When the Japanese attacked Pearl Harbor in December, 1941, I was four years old. Some of my earliest memories are as an activist child during wartime. We had entered World War II and my job was as Chief Tin Can Inspector. I washed cans and crushed them flat. I bought Savings Stamps at school and pasted them into albums to convert into War Bonds.
The war was a constant backdrop and my parents were among millions who took the war effort seriously. The propaganda of the day was heavily into duty and obligation — every American citizen was called into service. We couldn’t allow one man, one regime, to win his war against humanity.
It marked us, and we were never the same. Our country grew more and more precious as the war years went on. The more lives that were lost protecting us, the more we persevered — for them. And when the war was over and we grew strong again, our pride grew even stronger. We did it! We won!
Generations of us grew up believing we had an obligation to our country. When JFK said, in his 1961 Inaugural Address, “Ask not what your country can do for you, ask what you can do for your country”, it wasn’t a demand, it was a reminder. This is what Americans do.
We’re in a different century now — 20 years into a different century — and if you cancel out the noise you’ll find the majority of Americans still believe in some sort of obligatory service. Our obligation is to keep our country strong, not by strong-arming the government, but by strengthening its core principles. By voting as if voting is a serious matter. By entering into public service, not as glory-seekers, but as true public servants. By working to ease the lives of those who are vulnerable and less fortunate. By recognizing that threats like global warming and raging pandemics are our burdens, our responsibility. Our survival is in our hands.
We are a nation of laws, of regulations, of justice and reckoning. We reject greed and corruption and frown on nepotism. We demand equality, we celebrate diversity, we recognize our enemies, both foreign and home-grown.
And if you’ve read this far, you’re probably wondering which rock I’ve just crawled out from under. This is not the America you’re seeing. Not even close.
But consider this:
Joe Biden, the Democratic presidential candidate, wasn’t even on the radar mere months ago. He was laughed at, vilified, virtually written off. He was ‘establishment’, an anachronism, an ancient workhorse destined to be put out to pasture. But, Rep. Jim Clyburn’s eloquent endorsement aside, maybe Biden’s victory was inevitable. Many of us listened to Clyburn’s call to decency, to obligation, to duty, and recognized his message as wholly, unequivocally American.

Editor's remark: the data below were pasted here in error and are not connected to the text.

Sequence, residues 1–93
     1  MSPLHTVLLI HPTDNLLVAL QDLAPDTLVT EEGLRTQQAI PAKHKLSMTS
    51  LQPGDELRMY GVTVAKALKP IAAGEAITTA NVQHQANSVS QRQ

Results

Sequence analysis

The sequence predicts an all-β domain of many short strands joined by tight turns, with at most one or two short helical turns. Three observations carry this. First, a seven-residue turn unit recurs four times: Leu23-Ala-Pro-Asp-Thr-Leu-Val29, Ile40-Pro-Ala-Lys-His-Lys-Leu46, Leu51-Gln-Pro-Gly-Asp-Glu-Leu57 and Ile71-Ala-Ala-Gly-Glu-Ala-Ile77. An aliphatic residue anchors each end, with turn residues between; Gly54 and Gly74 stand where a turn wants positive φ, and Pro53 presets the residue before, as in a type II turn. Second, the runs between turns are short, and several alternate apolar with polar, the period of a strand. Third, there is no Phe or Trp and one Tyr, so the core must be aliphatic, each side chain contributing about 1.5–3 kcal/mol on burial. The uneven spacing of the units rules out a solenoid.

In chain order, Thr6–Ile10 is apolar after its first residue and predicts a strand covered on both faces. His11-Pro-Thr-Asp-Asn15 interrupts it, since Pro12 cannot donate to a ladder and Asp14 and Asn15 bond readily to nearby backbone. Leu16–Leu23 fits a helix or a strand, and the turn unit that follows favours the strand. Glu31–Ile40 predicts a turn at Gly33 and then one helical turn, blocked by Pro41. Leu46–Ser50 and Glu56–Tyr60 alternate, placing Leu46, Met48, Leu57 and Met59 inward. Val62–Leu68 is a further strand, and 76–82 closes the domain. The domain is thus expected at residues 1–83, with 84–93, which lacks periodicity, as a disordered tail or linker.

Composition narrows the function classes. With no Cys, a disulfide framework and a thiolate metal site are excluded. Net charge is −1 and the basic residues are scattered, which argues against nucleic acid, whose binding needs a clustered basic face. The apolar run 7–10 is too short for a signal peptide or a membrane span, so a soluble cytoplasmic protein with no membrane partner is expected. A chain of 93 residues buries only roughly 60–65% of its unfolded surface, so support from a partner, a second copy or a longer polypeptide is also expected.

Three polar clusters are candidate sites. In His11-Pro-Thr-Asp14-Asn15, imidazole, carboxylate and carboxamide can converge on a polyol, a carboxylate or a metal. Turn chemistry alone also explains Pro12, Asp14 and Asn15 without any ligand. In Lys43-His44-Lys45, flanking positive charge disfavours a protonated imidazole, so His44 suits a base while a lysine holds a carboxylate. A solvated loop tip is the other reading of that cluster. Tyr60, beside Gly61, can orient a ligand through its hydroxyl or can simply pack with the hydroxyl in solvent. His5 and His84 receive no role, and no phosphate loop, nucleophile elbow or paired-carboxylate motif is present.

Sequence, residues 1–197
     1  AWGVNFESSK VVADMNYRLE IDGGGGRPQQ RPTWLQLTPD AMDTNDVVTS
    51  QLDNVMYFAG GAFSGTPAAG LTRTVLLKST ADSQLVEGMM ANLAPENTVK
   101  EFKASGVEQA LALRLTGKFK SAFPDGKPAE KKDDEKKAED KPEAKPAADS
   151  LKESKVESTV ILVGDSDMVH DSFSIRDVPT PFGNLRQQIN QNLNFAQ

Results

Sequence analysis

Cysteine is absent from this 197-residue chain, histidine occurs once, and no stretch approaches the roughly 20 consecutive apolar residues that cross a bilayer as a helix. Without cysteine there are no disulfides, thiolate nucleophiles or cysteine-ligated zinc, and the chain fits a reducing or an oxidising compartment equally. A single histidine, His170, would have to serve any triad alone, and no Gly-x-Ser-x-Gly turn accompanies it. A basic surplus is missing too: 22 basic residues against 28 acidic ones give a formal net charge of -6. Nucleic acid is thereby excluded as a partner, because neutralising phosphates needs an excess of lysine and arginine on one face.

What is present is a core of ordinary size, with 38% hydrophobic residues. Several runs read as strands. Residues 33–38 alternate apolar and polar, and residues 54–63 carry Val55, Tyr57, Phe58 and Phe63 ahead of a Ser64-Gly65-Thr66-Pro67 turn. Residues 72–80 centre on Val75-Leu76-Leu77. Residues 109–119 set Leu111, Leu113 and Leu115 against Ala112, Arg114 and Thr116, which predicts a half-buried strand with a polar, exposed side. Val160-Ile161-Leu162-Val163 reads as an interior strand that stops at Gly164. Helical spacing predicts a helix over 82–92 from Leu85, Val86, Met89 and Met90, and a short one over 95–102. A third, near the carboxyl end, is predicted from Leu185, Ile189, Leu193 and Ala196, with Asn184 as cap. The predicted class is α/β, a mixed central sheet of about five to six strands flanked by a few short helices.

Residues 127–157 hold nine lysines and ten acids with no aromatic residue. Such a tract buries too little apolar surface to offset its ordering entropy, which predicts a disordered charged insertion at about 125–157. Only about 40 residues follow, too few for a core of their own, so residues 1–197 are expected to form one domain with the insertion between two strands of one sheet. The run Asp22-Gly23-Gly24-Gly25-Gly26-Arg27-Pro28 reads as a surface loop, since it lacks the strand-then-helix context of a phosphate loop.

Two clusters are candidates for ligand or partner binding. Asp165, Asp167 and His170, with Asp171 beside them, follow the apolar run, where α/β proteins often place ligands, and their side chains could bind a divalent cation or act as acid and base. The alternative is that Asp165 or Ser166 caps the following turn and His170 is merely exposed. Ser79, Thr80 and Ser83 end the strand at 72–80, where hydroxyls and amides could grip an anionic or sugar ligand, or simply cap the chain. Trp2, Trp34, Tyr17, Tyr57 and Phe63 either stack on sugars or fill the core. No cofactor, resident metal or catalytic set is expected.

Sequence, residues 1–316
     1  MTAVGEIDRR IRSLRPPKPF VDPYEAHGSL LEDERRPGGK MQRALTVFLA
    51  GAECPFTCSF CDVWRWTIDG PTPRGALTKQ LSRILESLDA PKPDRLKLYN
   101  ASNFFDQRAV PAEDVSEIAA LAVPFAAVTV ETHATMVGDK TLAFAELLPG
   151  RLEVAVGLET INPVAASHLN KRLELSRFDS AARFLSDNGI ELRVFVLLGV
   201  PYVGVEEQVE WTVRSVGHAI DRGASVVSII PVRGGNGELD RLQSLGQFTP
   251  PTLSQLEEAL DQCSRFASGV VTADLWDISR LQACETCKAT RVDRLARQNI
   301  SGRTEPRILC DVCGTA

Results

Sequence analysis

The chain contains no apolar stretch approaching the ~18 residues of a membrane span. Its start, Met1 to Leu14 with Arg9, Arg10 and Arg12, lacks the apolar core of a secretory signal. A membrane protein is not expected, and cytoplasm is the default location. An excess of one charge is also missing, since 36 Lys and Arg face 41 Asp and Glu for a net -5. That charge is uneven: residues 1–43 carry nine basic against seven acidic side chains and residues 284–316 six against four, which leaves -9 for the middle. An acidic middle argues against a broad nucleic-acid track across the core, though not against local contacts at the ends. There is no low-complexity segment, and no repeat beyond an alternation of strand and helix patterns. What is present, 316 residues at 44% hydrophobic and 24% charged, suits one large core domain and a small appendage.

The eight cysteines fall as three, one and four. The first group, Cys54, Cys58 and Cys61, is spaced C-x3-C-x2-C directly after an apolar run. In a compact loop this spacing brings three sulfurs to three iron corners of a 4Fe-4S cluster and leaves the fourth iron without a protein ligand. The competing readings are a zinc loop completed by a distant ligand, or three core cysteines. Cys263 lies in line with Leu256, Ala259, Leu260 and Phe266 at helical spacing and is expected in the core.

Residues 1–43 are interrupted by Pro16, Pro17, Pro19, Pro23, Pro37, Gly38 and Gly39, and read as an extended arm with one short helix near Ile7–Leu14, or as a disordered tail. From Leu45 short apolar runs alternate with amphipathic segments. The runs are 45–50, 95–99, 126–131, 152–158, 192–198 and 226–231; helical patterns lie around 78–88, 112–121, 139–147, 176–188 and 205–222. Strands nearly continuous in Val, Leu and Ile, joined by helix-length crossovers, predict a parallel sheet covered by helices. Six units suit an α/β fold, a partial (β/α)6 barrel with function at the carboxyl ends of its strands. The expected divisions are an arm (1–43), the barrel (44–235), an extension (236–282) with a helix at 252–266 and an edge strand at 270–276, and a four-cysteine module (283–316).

This is who we are. We are Americans, first and foremost.
We’ve made grievous mistakes and haven’t always been proud of our actions, but the promise of the United States is ‘to form a more perfect union’. Nothing has changed. We’re still working at it, but we can’t do it by going backward. We have to move forward, but we have to win first.
The past four years will be seen as an anomaly, an experiment gone horribly wrong. We’ll learn from it, but the price, the cost of hundreds of thousands of lives lost to a pandemic ravaging through our country, largely due to government incompetence, is far too high. The experimentation has to stop. It didn’t work. We have to get back to our promised obligation —to build a strong government designed to take care of our citizens.
We will come out of this. Joe Biden has begun gathering a phalanx of experts who are already working on programs and plans so they can start on Day One in January. (Cohorts and novices need not apply.) They’re going to need cheerleaders, and that’s where we come in.
The thing I remember most about my childhood during World War II is the optimism.
Were my parents afraid? They must have been terrified. They lived through the Great Depression only to watch Hitler’s Nazism spread throughout historic European strongholds. One man held entire countries hostage; he bent them and broke them. How could it happen?
Then Japan attacked Pearl Harbor, and suddenly it was hitting too close to home. Between a mandatory draft and a concerted need to protect our shores, millions of young men and women signed up to serve our country. Everything changed. And, except for the few predictable slackers, scam artists, and profiteers, we changed, too.
We became our country’s biggest allies. We retooled our factories, gave up luxuries, rationed necessities, pulled on our caring cloaks, found we cared deeply, and went to work as one country against a common enemy.
We did that. For more than four years we did that.
And let nobody ever tell you we can’t do it again.
(Cross-posted at Medium/Indelible Ink)